Am J Perinatol 2020; 37(01): 019-024
DOI: 10.1055/s-0039-1693989
SMFM 2019
Thieme Medical Publishers 333 Seventh Avenue, New York, NY 10001, USA.

Gestational Weight Gain and Postpartum Depression in Women with Class III Obesity

LaMani D. Adkins
1  School of Medicine, Duke University, Durham, North Carolina
,
Ann Tucker
2  Department of Obstetrics and Gynecology, Duke University Medical Center, Durham, North Carolina
,
2  Department of Obstetrics and Gynecology, Duke University Medical Center, Durham, North Carolina
,
Anne M. Siegel
2  Department of Obstetrics and Gynecology, Duke University Medical Center, Durham, North Carolina
,
Emily Reiff
2  Department of Obstetrics and Gynecology, Duke University Medical Center, Durham, North Carolina
,
Haywood L. Brown
3  Department of Obstetrics and Gynecology, University of South Florida Health, Tampa, Florida
,
Sarah K. Dotters-Katz
2  Department of Obstetrics and Gynecology, Duke University Medical Center, Durham, North Carolina
› Author Affiliations
Further Information

Publication History

23 May 2019

25 June 2019

Publication Date:
05 August 2019 (online)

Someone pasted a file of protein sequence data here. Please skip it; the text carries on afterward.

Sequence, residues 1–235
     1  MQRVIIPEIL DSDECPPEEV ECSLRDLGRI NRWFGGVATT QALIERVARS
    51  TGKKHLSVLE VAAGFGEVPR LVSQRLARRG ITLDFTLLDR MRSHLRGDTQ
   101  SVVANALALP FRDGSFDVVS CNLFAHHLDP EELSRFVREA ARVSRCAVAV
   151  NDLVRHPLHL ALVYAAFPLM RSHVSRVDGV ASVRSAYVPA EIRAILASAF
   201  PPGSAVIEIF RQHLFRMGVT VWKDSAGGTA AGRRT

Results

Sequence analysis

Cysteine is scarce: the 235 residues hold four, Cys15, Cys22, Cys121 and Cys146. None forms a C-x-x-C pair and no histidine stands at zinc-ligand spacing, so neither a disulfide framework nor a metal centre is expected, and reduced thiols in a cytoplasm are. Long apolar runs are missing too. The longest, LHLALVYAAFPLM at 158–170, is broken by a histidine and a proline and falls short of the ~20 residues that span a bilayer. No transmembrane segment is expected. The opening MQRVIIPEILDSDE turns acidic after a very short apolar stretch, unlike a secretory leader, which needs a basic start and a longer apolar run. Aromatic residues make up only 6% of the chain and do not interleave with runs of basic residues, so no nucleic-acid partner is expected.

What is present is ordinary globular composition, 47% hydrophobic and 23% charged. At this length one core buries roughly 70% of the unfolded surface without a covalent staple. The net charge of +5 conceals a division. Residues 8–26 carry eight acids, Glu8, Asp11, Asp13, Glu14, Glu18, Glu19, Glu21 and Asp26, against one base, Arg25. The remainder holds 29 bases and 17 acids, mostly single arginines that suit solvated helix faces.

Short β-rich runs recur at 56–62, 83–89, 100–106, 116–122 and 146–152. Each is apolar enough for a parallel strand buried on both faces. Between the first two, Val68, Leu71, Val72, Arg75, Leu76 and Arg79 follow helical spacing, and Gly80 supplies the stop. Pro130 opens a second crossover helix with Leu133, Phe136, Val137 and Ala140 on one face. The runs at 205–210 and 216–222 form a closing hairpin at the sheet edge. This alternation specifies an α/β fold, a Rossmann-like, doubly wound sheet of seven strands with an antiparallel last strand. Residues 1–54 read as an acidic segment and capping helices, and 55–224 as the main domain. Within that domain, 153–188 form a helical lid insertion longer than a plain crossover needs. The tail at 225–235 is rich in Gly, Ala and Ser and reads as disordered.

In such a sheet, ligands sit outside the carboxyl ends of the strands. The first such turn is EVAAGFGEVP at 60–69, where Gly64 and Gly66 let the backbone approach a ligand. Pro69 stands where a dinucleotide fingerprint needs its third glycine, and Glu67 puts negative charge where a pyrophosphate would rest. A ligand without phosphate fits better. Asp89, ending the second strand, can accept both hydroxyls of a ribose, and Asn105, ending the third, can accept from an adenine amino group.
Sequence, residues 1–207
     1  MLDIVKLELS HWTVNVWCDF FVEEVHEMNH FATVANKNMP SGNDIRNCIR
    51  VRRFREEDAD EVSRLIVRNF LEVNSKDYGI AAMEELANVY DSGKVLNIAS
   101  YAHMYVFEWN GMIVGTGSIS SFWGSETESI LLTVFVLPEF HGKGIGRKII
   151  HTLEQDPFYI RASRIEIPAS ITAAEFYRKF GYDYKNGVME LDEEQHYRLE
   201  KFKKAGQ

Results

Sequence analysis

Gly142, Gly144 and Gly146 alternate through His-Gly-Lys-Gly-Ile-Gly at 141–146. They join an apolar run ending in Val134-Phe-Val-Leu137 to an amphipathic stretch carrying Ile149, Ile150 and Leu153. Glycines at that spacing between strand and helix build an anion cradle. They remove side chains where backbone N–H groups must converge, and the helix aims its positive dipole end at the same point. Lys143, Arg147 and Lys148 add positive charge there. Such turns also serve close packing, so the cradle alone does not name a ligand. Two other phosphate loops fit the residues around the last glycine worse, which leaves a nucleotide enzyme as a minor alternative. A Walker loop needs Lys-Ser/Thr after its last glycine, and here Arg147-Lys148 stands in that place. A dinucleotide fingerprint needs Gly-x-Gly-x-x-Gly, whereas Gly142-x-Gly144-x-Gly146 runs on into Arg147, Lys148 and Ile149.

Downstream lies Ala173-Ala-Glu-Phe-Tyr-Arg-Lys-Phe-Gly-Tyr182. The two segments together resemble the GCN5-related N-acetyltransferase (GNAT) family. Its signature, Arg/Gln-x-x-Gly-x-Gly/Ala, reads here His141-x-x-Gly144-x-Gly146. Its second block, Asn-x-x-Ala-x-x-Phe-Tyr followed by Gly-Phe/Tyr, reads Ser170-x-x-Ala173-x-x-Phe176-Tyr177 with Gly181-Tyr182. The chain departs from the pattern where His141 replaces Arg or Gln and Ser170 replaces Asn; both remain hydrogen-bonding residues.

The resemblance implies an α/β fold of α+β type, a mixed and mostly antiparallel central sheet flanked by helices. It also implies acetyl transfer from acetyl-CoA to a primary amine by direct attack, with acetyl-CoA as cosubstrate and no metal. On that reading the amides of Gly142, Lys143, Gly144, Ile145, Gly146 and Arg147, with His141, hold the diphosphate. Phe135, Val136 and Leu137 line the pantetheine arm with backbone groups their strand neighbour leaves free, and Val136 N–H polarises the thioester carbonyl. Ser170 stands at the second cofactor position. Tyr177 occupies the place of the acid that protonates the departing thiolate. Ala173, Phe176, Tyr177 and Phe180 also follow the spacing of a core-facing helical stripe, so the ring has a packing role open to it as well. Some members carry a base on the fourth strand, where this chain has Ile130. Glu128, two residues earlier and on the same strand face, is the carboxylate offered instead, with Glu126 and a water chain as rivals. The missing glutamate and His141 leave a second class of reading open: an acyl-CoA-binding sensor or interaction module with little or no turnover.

Abstract

Objective We investigated the association between gestational weight gain (GWG) and postpartum depression (PPD) in women with class III obesity.

Study Design This is a retrospective cohort of women with body mass index (BMI) ≥ 40 kg/m2 at entry to care, first prenatal visit ≤14 weeks gestation, with singleton, nonanomalous pregnancies who delivered at term from July 2013 to December 2017. Women missing data regarding PPD were excluded. Primary outcome was PPD; classified as Edinburgh Postnatal Depression Scale (EPDS) score >13/30 or provider's report of depression. Participants were classified, according to Institute of Medicine GWG guidelines (11–20 pounds), as either less than 11 pounds (LT11) or at/more than 11 pounds (GT11). Bivariate statistics compared demographics and pregnancy characteristics. Logistic regression used to estimate odds of primary outcome.

Results Of 275 women, 96 (34.9%) gained LT11 and 179 (65.1%) gained GT11 during pregnancy. The rate of PPD was 8.7% (n = 24), 9 (9.4%) in the LT11 group and 15 (8.4%) in the GT11 group (p = 0.82, odds ratio: 1.13, 95% confidence interval [CI]: 0.48, 2.69). When controlling for entry BMI and multiparity, adjusted odds of PPD was 1.07 (95% CI: 0.44, 2.63). No correlation was found between GWG and EPDS.

Conclusion A relationship between GWG and PPD in class III obese women was not found in this cohort.

Note

These data were presented in part as a poster presentation at the Society for Maternal-Fetal Medicine's 39th Annual Pregnancy Meeting in February 2019 in Las Vegas, NV.